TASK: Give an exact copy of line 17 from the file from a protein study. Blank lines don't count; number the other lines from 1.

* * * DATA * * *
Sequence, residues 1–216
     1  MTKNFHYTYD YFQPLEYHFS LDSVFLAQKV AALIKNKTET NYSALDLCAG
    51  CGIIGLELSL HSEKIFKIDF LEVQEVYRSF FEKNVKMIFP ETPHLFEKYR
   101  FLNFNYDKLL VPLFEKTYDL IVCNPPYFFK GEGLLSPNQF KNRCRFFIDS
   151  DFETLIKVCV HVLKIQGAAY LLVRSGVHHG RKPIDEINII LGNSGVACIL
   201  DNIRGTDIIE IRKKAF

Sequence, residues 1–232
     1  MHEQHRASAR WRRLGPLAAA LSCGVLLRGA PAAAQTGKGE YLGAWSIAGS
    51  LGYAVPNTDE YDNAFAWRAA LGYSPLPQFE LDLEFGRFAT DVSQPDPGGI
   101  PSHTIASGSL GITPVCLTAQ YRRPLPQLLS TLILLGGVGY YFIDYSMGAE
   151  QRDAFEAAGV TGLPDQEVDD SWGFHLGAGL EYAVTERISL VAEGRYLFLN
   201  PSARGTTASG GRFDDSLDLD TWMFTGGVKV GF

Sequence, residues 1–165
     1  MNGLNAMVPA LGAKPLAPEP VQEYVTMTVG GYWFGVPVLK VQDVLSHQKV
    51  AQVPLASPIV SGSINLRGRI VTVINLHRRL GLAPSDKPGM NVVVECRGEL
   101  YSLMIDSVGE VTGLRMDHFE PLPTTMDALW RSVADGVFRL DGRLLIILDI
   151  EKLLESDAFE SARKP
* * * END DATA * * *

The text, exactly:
   151  EKLLESDAFE SARKP